Today, Taylor and Spencer are discussing Rocket 1, originally released May 10th, 2017. As always, this article contains SPOILERS.
Taylor: Rocket Raccoon is a walking, talking lesson in juxtaposition. At first glance, he looks likes one the lovable characters from the Looney Tunes gang. After all, he’s an anthropomorphic, talking woodland creature. However, this fuzzy exterior conceals his true nature as a loudmouthed, gun-crazy thief. If this contrast isn’t enough, he is frequently paired with the other Guardians of the Galaxy, a group that frequently saves the universe purely because it’s the right thing to do. This contrasts mightily with Rocket’s typical motivation of doing whatever job comes his way so long as the price is right. That being said, the juxtaposed nature that is intrinsic to Rocket should take center stage in a comic where he is the star. So is that the case in the latest series to bare his name?
Rocket has gotten antsy hanging out with the Guardians of the Galaxy and has gone off to drink his sorrows away in some random space bar. There, he is approached by an old flame, Otta Spice, who asks him to do a job for her. It seems her planet is under threat from an interstellar corporation and she needs his unique set of skills to scare them off. He agrees, but it’s not long before Rocket finds himself in over his head once again.
Writer Al Ewing hits all the right beats in his presentation of Rocket’s story, and it all boils down to his recognition that Rocket is a study in juxtaposition. The way he achieves this is through a narrative conceit that is endlessly entertaining. Throughout the book, the narrative is revealed through a series of narrations that frame the story as a hardboiled, noir tale. Throughout the issue, Ewing presents Rocket as a down-on-his-luck strong man with a dark past. That alone isn’t enough to make the issue reminiscent of a noir tale, though. Frequently, Ewing introduces elements in the story that would feel at home in a Raymond Chandler novel. Take, for instance, the introduction of Otta Spice, a prototypical femme fatale.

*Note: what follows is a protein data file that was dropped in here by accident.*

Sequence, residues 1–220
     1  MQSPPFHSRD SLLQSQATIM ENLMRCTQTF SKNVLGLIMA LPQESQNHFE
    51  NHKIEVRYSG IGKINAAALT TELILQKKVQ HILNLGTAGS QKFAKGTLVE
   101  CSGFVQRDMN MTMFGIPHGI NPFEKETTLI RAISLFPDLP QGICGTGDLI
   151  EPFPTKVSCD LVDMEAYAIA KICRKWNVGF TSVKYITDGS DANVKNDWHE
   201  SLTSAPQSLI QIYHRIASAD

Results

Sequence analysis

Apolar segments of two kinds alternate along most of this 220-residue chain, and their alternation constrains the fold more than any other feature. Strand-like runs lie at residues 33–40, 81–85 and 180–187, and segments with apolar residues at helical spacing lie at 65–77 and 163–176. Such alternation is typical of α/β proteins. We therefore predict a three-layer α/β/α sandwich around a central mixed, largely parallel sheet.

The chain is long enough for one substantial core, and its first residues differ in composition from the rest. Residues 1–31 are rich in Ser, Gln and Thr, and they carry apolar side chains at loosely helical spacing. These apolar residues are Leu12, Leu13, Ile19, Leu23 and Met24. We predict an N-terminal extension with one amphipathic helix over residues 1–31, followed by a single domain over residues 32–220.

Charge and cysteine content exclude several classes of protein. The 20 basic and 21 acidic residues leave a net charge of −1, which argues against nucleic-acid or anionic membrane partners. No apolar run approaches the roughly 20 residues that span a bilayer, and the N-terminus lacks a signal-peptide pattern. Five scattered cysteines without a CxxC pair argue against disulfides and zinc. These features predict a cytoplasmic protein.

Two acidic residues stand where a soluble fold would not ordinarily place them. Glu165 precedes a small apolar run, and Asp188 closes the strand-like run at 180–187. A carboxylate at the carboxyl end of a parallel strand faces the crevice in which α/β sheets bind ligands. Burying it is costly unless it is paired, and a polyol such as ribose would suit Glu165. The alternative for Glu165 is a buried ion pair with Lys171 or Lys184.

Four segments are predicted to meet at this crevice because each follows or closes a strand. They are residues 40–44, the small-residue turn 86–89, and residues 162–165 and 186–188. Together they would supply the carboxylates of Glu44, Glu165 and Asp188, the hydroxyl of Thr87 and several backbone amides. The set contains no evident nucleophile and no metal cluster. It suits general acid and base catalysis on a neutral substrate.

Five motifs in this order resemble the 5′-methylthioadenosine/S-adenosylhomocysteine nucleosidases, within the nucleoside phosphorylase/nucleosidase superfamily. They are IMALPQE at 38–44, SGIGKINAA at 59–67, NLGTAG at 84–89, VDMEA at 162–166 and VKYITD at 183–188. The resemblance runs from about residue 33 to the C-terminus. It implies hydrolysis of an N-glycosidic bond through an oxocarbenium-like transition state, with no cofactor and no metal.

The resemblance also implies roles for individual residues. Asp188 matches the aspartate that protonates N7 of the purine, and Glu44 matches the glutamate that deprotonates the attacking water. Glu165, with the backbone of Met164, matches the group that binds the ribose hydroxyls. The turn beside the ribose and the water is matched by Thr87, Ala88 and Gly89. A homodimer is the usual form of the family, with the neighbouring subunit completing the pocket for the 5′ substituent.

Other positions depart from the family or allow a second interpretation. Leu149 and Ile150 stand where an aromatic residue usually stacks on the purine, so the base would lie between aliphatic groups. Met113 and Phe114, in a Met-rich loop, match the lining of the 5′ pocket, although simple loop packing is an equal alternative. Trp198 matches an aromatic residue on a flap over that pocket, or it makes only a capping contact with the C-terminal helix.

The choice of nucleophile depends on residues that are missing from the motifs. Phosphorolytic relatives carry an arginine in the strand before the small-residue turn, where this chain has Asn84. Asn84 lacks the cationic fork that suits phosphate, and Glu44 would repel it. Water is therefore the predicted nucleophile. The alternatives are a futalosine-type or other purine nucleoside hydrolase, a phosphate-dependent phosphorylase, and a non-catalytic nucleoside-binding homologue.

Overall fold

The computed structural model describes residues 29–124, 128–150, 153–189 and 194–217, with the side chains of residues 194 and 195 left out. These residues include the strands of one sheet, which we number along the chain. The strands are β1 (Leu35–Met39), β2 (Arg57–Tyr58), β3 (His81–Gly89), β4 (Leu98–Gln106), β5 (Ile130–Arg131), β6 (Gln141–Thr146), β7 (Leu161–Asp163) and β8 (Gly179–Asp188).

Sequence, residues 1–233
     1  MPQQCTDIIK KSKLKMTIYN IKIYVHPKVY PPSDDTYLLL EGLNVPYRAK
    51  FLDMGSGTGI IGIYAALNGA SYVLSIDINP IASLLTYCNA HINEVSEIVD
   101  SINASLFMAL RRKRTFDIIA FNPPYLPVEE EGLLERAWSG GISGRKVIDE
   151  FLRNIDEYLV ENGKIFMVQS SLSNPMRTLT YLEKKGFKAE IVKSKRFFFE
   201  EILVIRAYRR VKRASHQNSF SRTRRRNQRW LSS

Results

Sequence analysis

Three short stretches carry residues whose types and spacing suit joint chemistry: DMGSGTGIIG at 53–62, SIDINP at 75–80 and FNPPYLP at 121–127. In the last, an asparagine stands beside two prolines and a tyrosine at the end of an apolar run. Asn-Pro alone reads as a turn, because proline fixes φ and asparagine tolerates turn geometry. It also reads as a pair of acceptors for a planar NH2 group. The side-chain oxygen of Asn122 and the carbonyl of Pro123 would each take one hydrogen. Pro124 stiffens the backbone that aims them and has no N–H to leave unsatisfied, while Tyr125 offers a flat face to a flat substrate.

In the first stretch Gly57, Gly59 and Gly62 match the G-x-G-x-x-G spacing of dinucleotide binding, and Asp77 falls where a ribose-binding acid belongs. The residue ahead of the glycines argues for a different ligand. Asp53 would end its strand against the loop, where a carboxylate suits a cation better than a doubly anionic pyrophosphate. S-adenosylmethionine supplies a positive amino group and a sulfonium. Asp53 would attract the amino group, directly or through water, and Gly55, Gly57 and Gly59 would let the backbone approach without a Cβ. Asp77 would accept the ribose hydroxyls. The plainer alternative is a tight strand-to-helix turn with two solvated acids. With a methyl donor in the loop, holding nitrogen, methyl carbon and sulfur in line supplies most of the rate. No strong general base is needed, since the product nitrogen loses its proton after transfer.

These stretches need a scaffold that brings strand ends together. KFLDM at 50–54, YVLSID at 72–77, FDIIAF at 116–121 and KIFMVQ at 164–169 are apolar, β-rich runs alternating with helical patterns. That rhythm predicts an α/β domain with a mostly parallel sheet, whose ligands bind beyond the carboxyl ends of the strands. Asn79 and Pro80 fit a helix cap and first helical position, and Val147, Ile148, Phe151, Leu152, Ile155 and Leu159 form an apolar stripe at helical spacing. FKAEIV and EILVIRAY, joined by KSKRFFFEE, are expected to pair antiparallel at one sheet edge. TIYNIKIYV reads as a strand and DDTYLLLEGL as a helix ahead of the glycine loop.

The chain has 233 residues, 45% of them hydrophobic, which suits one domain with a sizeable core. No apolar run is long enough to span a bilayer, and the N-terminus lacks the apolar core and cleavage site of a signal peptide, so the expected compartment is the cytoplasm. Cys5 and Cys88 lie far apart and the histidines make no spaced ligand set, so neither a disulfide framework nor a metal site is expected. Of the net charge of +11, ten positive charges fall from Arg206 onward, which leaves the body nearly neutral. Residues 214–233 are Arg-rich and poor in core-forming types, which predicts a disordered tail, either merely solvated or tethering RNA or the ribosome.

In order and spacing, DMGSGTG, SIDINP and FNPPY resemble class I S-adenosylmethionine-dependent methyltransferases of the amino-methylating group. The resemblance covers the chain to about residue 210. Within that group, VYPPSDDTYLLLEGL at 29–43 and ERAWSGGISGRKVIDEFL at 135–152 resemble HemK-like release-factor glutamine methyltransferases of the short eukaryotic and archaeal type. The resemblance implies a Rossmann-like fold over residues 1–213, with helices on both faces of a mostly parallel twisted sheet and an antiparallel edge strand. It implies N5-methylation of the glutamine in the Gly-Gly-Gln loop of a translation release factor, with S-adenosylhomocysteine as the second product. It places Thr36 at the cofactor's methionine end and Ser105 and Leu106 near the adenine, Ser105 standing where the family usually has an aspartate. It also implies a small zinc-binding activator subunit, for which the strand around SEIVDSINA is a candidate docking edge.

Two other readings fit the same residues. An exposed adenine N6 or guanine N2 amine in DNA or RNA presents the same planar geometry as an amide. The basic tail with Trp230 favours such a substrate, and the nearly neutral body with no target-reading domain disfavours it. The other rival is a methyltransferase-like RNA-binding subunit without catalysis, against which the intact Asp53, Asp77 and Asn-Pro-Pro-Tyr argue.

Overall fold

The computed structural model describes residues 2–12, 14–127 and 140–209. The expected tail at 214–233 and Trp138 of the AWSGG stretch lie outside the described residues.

What makes the presentation of this story clever isn’t that it’s framed in a crime noir plot. Rather, what makes it fun is that it’s a crime noir story that involves talking raccoons and dangerous space otters. The serious, hardboiled tone set by the narration of this issue is undercut by the fact that the characters being talked about are all small mammals rather than humans or other, less fuzzy creatures. Ewing has taken a typical crime story and juxtaposed it with Rocket Raccoon and similar characters. The result is a story that works because the whole issue reads as a both a joke and serious exploration of the dark side of the human psyche.